Rifaat tried luring Haydar into an alliance, which, had it happened, would have certainly toppled Hafez 10 years into his presidency. Haydar refused to be part of the conspiracy, however, telling Rifaat: “I recognize no leader in this country other than Hafez. He is my benefactor. What I have of power and prestige I owe to him. I am a soldier in his service and a slave at his beck and call.”
Far from siding with Rifaat, Haydar ordered his troops into the capital as well, stationing them at strategic corners in preparation for a showdown with the Defense Forces. The bulk of his troops were stationed around the television headquarters in Umayyad Square, which is usually the first destination for any coup mastermind, strategically seated next to the army headquarters. Rifaat’s men were identified by their crimson berets, Haydar’s by their maroon berets. When Hafez recovered and checked out of hospital, he famously went to his brother’s home on Mezzeh Autostrade, accompanied by his eldest son Basil. In a family confrontation attended by their aging mother, Assad told his brother: “You want to overthrow the regime? Here I am. I am the regime!”
With the help of his Soviet allies, Hafez decided to send all of his top generals to Moscow, ostensibly as part of a government delegation, until tensions cooled off. They were dispatched on a one-way ticket, with no clue as to when or how they would return. Before leaving Damascus, Rifaat hosted a farewell reception to his supporters at the Sheraton Hotel, saying: “Had I been foolish, I could have destroyed this whole city, but I love this place. The people are used to us; they like us. And now these commandos [referring to Haydar and his men] want to chase us out.”
Haydar and Rifaat were put on a charter flight to Moscow on May 28, 1984. Joining them were officers Fayyad and Mohammad al-Khouly, head of the Syrian air force. One by one, Hafez summoned each of them back to Damascus, keeping Rifaat alone away from home. He was sending a message: I have made you all, and I can banish or destroy you, whenever I want. I can also bring you back — if I want. Hafez eliminated all of his enemies and tightened his grip on power multiple times over the years, and Haydar was instrumental almost at every corner.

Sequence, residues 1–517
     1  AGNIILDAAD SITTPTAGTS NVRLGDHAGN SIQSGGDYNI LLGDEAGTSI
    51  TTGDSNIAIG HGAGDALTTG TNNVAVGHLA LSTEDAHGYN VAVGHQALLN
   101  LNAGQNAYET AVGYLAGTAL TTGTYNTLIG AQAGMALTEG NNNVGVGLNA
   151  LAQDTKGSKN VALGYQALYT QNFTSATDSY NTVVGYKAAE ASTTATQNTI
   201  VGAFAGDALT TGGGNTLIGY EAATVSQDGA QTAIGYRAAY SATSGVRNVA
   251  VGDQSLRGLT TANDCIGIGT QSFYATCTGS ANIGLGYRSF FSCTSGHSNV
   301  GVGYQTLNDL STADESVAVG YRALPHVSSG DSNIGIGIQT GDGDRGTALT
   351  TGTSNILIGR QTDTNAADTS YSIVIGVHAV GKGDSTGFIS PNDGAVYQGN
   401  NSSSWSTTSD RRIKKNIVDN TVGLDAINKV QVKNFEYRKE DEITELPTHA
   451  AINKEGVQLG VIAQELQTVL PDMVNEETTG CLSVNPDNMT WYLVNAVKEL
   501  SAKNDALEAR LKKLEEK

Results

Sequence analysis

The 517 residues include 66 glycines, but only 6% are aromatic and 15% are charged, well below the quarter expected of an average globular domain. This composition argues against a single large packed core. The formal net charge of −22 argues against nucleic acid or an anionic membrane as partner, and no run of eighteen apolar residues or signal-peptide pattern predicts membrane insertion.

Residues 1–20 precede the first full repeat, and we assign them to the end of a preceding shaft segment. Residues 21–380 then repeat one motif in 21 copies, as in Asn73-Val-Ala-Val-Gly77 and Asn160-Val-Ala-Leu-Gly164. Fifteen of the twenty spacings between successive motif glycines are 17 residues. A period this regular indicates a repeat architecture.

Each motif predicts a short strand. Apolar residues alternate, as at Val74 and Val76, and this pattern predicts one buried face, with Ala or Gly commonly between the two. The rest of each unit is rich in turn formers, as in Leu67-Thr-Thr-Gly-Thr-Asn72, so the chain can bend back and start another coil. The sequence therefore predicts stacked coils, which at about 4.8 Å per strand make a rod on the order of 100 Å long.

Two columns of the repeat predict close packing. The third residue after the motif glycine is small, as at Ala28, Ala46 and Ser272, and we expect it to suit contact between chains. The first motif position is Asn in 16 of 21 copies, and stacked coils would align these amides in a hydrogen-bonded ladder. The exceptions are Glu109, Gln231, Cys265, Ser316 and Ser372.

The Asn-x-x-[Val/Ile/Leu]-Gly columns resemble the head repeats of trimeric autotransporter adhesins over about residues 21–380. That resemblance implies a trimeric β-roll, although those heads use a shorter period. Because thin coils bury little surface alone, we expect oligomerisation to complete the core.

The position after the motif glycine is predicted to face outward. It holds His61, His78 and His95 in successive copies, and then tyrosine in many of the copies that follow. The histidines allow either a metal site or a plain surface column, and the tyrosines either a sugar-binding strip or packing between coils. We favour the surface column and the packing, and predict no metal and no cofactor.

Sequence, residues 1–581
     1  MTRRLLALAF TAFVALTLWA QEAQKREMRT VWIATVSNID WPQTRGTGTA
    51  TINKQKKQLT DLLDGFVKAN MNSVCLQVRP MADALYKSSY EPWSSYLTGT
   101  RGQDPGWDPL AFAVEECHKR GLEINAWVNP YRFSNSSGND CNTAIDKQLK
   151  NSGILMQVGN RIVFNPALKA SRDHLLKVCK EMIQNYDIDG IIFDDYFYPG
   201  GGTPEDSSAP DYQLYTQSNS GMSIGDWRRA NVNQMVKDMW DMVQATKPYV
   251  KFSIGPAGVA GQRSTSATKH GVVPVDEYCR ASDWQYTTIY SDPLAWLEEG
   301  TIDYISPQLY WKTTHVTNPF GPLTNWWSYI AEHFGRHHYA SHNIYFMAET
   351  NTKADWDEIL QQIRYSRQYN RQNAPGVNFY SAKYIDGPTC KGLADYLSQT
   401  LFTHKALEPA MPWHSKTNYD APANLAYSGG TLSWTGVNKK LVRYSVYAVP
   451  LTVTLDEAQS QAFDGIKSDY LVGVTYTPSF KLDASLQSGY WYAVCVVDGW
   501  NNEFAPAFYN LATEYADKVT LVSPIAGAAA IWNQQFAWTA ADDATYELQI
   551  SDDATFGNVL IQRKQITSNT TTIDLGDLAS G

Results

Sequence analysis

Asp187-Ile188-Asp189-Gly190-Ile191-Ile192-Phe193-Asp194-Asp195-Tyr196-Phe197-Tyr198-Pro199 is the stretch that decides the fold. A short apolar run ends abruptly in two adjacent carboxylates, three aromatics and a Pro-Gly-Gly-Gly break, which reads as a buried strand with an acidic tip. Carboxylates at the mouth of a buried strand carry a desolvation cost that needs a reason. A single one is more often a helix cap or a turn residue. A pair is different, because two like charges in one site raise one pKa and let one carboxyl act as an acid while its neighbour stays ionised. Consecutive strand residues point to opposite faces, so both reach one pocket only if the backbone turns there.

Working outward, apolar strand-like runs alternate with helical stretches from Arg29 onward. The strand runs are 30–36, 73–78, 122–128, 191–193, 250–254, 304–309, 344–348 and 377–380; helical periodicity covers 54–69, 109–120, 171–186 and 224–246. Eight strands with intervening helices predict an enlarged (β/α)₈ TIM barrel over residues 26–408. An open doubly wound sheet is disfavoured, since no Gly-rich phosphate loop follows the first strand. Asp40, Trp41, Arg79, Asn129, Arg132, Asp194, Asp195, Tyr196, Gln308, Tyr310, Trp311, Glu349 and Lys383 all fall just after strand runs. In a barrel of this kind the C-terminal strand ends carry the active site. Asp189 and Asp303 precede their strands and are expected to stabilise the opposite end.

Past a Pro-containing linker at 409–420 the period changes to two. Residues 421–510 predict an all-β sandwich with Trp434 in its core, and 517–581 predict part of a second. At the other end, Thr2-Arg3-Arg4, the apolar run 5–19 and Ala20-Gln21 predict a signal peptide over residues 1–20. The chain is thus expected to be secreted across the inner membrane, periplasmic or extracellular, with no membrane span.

Haydar remained loyal and by Hafez’s side during the 1980s and early 1990s. Cracks began to appear after the start of the Middle East peace process, which commenced at the Madrid Peace Conference in October 1991. The USSR was falling apart and Syria was turning a new page with the U.S. administration of then-President George H.W. Bush. Hafez took the decision to go to Madrid and enter into direct talks with Israel, without consulting any of his top lieutenants. He didn’t feel he had to — every strategic decision since 1970 had been taken single-handedly by the president, and nobody in his inner circle dared object or question his wisdom. Haydar, however, reportedly complained before a group of officers, saying, “We who have built the regime want a say in the peace process.” That remark was passed on to Hafez and upset him for two reasons. One was the visible dissent from one of his senior officers, but more importantly was that Haydar was now seemingly viewing himself as a partner. Hafez saw these men as his creation, as pawns and subordinates, never as partners or co-creators.
Then came the death of Hafez’s son Basil in a car crash in January 1994, on his way to catch a plane at Damascus International Airport. No sooner had the funeral passed than Hafez began planning for Basil’s succession, bringing his second son Bashar from medical studies in London for a crash course in military and political affairs. Bashar was 29, Haydar was 62. Again, Haydar raised the president’s ire by reportedly saying: “First it was Basil and now Bashar. We are more worthy than these boys.”
That was the kiss of death for Haydar.
On Aug. 3, 1994, seven months after Basil’s death, he was arrested, discharged from the army and from all posts in the Baath party. Command of the Special Forces was given to Gen. Ali Habib, another Alawite officer who had led Syrian troops in the second Gulf War of 1991. Haydar was kept in captivity for two months, in a location that until today remains undisclosed. Nobody knows exactly what happened during those months and whether he ever sat down one-on-one with Hafez. What we know is that Haydar was eventually pardoned, released and allowed a dignified retirement with no court or smear campaign.
He showed up for Hafez’s funeral on July 13, 2000, and publicly pledged allegiance to Bashar as the new president of Syria. When the Syrian revolt started in March 2011, social media networks ran wild stories about Haydar saying that he was opposed to the manner in which the war was being carried out, and to what he reportedly described as the “senseless killing” of young Alawites because of an avoidable war. None of these stories seem true, judging by Haydar’s peaceful death and the amount of homage he received on the day of his passing from pro-regime websites and news outlets.
But they do point to the schism that remains at the heart of Syrian society, one that has persisted into the second generation of regime soldiers, namely whether the regime created a brutal and repressive state or an apparatus of control that kept Syria whole in a difficult neighborhood. Haydar was very much on one side of this, believing in the “stability” of the regime, despite his close involvement in wars and repression. Even after the 2011 events, it doesn’t seem as if he changed his mind. He leaves behind a large family, an Assad regime determined to hold on to power and a country in tatters.